I wish I’d been there to see it.

This morning, Mama drove to Starbucks at the crack of dawn to join her gang of teacher-friends in waving at the school buses as they rolled past. The kids are back at school, so today is Mama’s first real day of retirement.

When I was a teenager, she’d drive me and my sister to school with her, blaring Southern gospel music and singing at the top of her lungs. My staring-out-the-window-willing-myself-to-disappear silence didn’t phase her, either. She was happy. Mama didn’t complain on Sunday night about work on Monday. She loved her job – the place, the people, everything. So, when she told us last February that she was retiring, I was shocked. Floored. But I’d be lying if I said I wasn’t excited.

It’s time for her to have a new beginning. She’s provided for plenty of mine, including that first one. Ouch!

Several years ago, Mama and Daddy saved to send me and my sister, Jennifer, on a graduation trip to Key West. The day before we were supposed to board the plane, I broke up with my boyfriend and convinced myself that I couldn’t leave town. I needed to stay home and make mix-tapes of songs about heartbreak and cry and probably take that boy back.

Mama took one look at my puffy, splotchy, tear-stained face, handed me a Kleenex and pulled my suitcase out from under the bed.

I told her I just couldn’t go. The trip would be a waste, because all I was going to do was cry.

She nodded, walked over to my closet and started packing my bag.

Forty-eight hours later, I was sitting at a beachside café with the Key West sand between my toes, sharing a wedge of Key Lime Pie with my sister.

My hair was wet, but my eyes were dry.

Now, Key Lime Pie tastes like new beginnings to me, sweet with promise and tart with adventure, and that makes sense, since key limes themselves have been present for so many fresh starts. When Columbus came to the New World, he brought key limes with him. Just after the Civil War, when sweetened condensed milk came to an almost milk-free Key West, it didn’t take long for people to combine this new invention with key lime juice to make a new pie – one that could be “cooked” without turning on the oven (since the acid in the lime juice thickened the filling on its own). And, during the Great Depression, key limes helped save Key West as Florida started marketing the area to tourists, promising visitors lots of sun, sand and their first taste of Key Lime Pie.

As Jennifer and I shared our slice, we talked about my break-up, her new boyfriend, school, work, the mixed-up waiter who kept serving her drinks and carding me, and why we’d never done this before. By the time we’d split the last bite of graham cracker crust, she wasn’t just my sister, she was someone I could hang out with. A friend.

Which came in handy when she was stuck with the bar tab.

The night we touched down in Nashville, I was ready to start fresh – and hug my mama.

There are people who teach and people who are teachers. Mama will always be a teacher.

I guess that’s why I’m so excited about her retirement. I get to cheer on her new adventure. If going to work made Mama break into “His Eye Is on the Sparrow,” there’s no telling what retirement will do.

Watch out, world. Mama’s on the loose.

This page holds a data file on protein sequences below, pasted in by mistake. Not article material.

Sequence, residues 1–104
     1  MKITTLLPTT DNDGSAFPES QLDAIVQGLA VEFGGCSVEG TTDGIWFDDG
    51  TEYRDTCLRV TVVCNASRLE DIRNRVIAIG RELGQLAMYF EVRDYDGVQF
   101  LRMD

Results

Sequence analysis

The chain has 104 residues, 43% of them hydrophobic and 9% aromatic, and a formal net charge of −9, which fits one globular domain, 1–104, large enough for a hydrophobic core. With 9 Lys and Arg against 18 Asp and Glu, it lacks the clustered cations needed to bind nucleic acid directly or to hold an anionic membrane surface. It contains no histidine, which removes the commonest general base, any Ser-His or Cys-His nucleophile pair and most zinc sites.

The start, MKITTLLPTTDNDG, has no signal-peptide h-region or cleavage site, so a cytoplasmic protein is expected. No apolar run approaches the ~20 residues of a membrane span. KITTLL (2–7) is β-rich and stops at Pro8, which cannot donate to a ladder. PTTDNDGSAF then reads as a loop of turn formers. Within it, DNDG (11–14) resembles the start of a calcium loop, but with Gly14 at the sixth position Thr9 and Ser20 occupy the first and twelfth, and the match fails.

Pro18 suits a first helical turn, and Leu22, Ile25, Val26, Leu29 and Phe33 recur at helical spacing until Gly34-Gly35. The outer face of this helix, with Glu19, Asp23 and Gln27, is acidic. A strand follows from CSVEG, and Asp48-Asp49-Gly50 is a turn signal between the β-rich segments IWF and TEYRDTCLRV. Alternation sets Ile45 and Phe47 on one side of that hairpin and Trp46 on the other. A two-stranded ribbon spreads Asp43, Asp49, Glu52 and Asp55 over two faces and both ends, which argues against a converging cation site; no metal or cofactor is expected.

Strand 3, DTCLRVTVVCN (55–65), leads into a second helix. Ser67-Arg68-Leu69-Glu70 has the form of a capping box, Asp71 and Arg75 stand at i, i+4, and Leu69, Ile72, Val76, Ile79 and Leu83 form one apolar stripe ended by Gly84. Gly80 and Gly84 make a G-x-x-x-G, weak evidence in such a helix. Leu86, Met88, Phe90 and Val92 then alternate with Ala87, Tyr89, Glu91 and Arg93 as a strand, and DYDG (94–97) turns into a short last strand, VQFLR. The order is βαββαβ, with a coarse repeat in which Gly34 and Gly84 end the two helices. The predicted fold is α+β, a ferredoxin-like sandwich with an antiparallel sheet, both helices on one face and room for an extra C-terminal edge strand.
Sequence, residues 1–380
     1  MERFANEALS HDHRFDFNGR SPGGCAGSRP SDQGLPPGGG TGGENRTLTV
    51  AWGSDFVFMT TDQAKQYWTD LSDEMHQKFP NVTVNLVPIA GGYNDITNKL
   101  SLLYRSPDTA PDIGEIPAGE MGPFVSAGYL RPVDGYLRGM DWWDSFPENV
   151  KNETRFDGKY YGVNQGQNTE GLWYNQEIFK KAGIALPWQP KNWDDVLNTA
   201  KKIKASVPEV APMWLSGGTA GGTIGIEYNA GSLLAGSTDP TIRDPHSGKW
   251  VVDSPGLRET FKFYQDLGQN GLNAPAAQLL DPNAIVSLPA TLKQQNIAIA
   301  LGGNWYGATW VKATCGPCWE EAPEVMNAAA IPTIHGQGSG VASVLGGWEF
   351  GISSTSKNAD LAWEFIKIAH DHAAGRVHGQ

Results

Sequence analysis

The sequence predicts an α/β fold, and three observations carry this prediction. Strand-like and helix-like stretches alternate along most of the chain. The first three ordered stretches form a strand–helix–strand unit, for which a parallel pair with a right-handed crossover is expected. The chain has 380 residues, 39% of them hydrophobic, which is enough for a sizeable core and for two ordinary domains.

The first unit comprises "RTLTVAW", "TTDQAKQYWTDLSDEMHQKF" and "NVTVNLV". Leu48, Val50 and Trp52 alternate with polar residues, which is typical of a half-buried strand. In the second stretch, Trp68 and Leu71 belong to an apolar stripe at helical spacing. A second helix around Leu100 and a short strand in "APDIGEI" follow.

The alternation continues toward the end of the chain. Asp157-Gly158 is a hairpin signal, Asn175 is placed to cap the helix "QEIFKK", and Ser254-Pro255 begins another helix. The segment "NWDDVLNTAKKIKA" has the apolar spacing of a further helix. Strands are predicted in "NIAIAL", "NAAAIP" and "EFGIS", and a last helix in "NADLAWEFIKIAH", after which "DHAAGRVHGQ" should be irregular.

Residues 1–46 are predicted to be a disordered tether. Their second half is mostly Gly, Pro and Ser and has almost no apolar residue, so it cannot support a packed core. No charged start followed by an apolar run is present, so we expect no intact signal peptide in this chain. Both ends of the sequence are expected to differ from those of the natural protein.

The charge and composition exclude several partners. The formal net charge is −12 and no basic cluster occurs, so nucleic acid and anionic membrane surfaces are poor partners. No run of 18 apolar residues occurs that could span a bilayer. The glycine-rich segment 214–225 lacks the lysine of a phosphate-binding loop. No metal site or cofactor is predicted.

Key Lime Pie

Rebecca Crump (EzraPoundCake.com)

Makes one 9-inch pie

  • 1 Graham Cracker Crust (recipe below), prebaked
  • 4 egg yolks
  • Grated zest of 1 or 2 key limes (optional)
  • 1 (14-ounce) can sweetened condensed milk
  • 1/2 to 2/3 cup key lime juice (depending on how tart you like your pie), fresh or bottled
  • 1 cup cold heavy cream
  • 2 tablespoons confectioners’ sugar
  1. Preheat the oven to 350 degrees F.
  2. Using a stand mixer fitted with a whisk attachment (or a hand mixer), beat the egg yolks and lime zest (if using) for about 2 minutes.
  3. Add the condensed milk, and combine well.
  4. Slowly add the lime juice. When the lime juice is thoroughly incorporated, turn off the mixer. Let the mixture set at room temperature for about 5 minutes, until the filling thickens.
  5. Pour the filling into the crust.
  6. Bake for about 15 minutes, until the filling appears set but still wobbly. Cool to room temperature on a wire rack. Cover with loosely tented foil (or slip the pie into a pie keeper), and refrigerate for at least 3 hours before slicing. (If you accidentally touch something to the surface of the pie and mess up the finish, don’t sweat it. That’s why God made whipped cream.)
  7. For the Whipped Cream: Pour the heavy cream into the bowl of a stand mixer, and add the confectioners’ sugar. Whip on low speed to combine, and then increase the speed to medium-high. Whip until medium-stiff peaks form, about 1 1/2 minutes.
  8. Serve pie topped with whipped cream, and garnish with a little grated lime zest.

Graham Cracker Crust

Makes one 9-inch crust

  • 1 3/4 cups graham cracker crumbs (ground fine from 12 large graham crackers)
  • 1/4 cup light brown sugar
  • Pinch of salt
  • 6 tablespoons unsalted butter, melted
  1. Preheat the oven to 350 degrees F. Lightly butter your pie plate, and set aside.
  2. In a small bowl, stir together the graham cracker crumbs, brown sugar and salt.
  3. Add the melted butter and mix thoroughly, first with a fork and then with your fingers. (If the mixture seems too sandy, wet your fingertips under running water, and keep mixing.)
  4. Press the mixture evenly into the bottom and up the sides of your pie plate.
  5. Bake for 8 minutes.
  6. Cool the crust on a wire rack for at least 30 minutes before filling.